Sorry about the delay in my posting this to the blog. Batya
Here's Chaim's report, and following are some photos:
Date: Saturday, August 15, 2009, 3:39 PM
I sent the letter below last Wednesday. It was not delivered to the list because it was too heavy, probably because I attached too many pictures. This I'm only attaching one picture. If anyone wants more of the area please write and I will send them
I returned yesterday from a most interesting visit to Poland . It wasn't my first. There is one place I visited that may be of interest to the Betar list. My hotel was on 2 Muranowska Street . I remembered the book by Chaim Lazar Muranowska 7 (Metzada shel Varsha in Hebrew) and immediately set out to find the "building". Some reading this letter may not know that nearly 90% of Warsaw and just about the entire area of the ghetto were destroyed during the german invasion in 1939, the Ghetto uprising in 1943 and the Warsaw Uprising in Aug 1944. The city has been rebuilt but the streets are not exactly where they were during WWII. I realized that I wouldn't see the original building but wanted to see the place nevertheless.
I saw the plaque which is placed on Muranowska 1. This plaque is no doubt the result of the efforts of Moshe Arens - a great historic wrong is beginning to be corrected. The plaque speaks of the two flags flown over the building, as is the name of Arens's book. Interestingly it is on the corner of Anders St . Betarim will recall that Menachem Begin came to Israel as a member of the Anders army. Obviously this was not the name of the street before WWII (nor during the communist era). Apparently the current building is about the same height as the original buildings but the surrounding buildings were not nearly as tall as they are today. It is easy to understand how the flags were seen in much o the ghetto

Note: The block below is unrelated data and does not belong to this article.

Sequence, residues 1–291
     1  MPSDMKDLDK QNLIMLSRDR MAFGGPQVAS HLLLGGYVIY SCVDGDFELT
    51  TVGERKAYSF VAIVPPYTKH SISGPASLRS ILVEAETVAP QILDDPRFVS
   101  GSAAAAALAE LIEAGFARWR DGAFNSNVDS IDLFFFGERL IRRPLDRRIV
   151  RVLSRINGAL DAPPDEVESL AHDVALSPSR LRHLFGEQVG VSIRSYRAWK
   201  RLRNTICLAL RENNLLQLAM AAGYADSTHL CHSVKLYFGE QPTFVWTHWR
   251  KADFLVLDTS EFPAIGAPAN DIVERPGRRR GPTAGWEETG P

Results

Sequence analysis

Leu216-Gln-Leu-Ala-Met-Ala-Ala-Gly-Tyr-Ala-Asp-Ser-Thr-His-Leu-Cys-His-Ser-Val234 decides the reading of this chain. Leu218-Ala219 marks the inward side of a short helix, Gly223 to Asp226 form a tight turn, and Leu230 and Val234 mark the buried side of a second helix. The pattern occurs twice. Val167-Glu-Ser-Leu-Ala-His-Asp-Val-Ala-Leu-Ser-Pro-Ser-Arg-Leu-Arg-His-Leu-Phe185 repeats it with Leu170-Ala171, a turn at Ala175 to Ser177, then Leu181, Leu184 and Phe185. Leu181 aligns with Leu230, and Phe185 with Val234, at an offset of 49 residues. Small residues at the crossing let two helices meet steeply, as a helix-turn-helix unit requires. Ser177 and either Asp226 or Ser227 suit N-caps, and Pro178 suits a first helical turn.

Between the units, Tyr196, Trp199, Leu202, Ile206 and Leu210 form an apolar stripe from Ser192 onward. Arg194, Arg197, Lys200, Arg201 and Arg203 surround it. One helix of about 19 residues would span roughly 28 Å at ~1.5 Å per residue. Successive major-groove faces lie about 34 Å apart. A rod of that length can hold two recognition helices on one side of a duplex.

The tour of Warsaw for my group began at the plaque. I asked two guides who guided us whether groups visit the site and whether they hear the story Pawel Frenkel and the ZZW. One guide told me that there are groups that come to the site because nearby is a memorial to the Polish victims, Jewish and Christian, of the Soviet oppression and the expulsion of thousands to the labor camps of the USSR (attached is also a picture of this monument). The other guide told me that very few groups come to this place and that not many guides actually know about this. I wondered whether my group saw this only because we happened to be at a hotel across the street. I didn't get a straight answer.
Muranoska Street is a bit off the beaten track but really not by much. An effort must be made that all Jewish groups, whether from Israel or around the world who come to Warsaw on the March of the Living or other frameworks visit this place and learn the story of ZZW - at least in Warsaw if not in the schools. There is a commemorative plaque for Pawel Frenkel elsewhere in Warsaw . It's been there for more than a decade in the area between the Umsclagplatz and the memorial to the Ghetto (the original Rapaport memorial, a copy of which is in Yad Vashem)
I understand that there is also a plaque (or one being prepared) in the place where Frenkel was actually killed. It is in front of 11 Grzybowski St (I am not sure of the spelling). I didn't have the time to go there